Working in Health Access Programme (WHAP): Initial results

Lumsden, M.A. , Millar, K., Osborne, M. and Remedios, R. (2008) Working in Health Access Programme (WHAP): Initial results. Medical Education, 42(4), pp. 412-419. (doi:10.1111/j.1365-2923.2008.03007.x)

Lumsden, M.A. , Millar, K., Osborne, M. and Remedios, R. (2008) Working in Health Access Programme (WHAP): Initial results. Medical Education, 42(4), pp. 412-419. (doi:10.1111/j.1365-2923.2008.03007.x)

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Abstract

<p><b>Context</b>  Academic achievement and social class are positively related and applications to medical schools reflect a class-based bias favouring middle-class candidates. Applying a measure that is class-free could be useful as an indicator of a potential good health professional may widen the pool of applicants. In the Working in Health Access Programme (WHAP), we report on the potential usefulness of such a measure. In addition, we describe a programme for raising awareness of higher education (HE) and careers in health care.</p> <p><b>Methods</b>  Pupils attending schools with low HE participation rates sat a battery of psychometric tests assessing both cognitive and non-cognitive skills. A total of 2349 pupils sat the tests and 1000 of them took part in the subsequent activities. These pupils are being followed up and have obtained their Standard Grade (Year 11) examination results.</p> <p><b>Results</b>  Although social class influenced cognitive skills, it had no influence on non-cognitive abilities. Pupils with high levels of cognitive ability were found in all classes, including the most deprived. Both the testing and the awareness-raising programme were successful. Additional information was obtained on factors influencing the participants’ choices of career.</p> <p><b>Conclusions</b>  Psychometric assessment could act as an early indicator for identifying potential in young people. For pupils with both cognitive and non-cognitive attributes that might indicate they would be successful in veterinary or human medicine, appropriate advice regarding subject choices for school examinations and future careers could be provided.</p>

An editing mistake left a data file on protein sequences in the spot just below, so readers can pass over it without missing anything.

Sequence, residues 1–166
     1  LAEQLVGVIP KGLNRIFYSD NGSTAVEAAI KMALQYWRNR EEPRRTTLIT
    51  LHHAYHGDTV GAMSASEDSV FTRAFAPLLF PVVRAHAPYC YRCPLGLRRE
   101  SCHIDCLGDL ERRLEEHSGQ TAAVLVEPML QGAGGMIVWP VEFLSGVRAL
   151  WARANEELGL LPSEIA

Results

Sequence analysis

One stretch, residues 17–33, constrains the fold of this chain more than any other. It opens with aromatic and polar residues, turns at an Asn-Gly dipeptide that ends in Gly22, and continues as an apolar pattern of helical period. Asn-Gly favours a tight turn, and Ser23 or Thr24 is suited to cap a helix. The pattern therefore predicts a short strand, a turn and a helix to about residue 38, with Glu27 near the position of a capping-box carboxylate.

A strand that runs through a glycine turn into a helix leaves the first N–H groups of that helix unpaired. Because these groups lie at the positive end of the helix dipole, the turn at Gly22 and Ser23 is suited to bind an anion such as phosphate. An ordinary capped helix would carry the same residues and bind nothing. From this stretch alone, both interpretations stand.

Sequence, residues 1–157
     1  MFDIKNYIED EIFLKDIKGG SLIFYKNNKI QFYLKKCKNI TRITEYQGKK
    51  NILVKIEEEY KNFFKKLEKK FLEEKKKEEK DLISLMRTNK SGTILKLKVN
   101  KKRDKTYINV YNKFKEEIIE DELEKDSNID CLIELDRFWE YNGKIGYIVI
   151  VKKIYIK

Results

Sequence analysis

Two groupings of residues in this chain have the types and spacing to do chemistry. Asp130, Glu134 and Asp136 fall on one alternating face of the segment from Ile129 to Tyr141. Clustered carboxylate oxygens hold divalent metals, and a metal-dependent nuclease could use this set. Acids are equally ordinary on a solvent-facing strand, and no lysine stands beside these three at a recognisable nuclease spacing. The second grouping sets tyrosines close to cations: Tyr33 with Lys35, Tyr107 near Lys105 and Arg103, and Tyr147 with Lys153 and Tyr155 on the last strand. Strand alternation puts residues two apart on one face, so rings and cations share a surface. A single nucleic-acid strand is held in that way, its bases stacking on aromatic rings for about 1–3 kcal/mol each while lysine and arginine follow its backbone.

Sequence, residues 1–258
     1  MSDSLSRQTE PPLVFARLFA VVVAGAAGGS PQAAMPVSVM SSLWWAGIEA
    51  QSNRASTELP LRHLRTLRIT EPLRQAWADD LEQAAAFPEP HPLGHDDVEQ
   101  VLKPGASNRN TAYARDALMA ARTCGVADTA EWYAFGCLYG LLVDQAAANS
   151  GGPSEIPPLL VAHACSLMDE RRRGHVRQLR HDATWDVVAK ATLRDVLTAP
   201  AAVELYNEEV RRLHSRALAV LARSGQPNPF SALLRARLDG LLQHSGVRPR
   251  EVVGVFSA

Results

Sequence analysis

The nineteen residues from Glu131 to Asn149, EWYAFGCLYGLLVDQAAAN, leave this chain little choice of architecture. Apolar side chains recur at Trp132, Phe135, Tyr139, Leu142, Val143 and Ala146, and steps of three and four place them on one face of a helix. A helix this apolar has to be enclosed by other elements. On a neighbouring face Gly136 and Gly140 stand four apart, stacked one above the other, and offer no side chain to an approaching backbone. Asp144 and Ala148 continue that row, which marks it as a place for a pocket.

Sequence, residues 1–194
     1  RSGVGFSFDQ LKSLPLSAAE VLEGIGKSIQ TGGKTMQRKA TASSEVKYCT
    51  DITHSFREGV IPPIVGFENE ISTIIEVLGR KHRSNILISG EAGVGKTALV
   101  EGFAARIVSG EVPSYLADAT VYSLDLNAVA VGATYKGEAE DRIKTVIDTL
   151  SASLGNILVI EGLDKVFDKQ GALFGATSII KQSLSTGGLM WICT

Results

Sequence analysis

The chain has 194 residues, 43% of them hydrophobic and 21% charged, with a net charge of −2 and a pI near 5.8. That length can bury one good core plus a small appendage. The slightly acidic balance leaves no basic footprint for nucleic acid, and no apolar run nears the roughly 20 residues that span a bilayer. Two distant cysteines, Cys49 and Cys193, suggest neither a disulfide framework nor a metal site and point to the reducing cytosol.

Item Type:Articles
Status:Published
Refereed:Yes
Glasgow Author(s) Enlighten ID:Osborne, Professor Michael and Millar, Professor Keith and Lumsden, Professor Mary
Authors: Lumsden, M.A., Millar, K., Osborne, M., and Remedios, R.
College/School:College of Social Sciences > School of Education > Social Justice Place and Lifelong Education
College of Social Sciences > School of Education
College of Medical Veterinary and Life Sciences > School of Medicine, Dentistry & Nursing > Clinical Specialities
Journal Name:Medical Education
Publisher:Blackwell Publishing
ISSN:0308-0110
ISSN (Online):1365-2923
Published Online:12 March 2008

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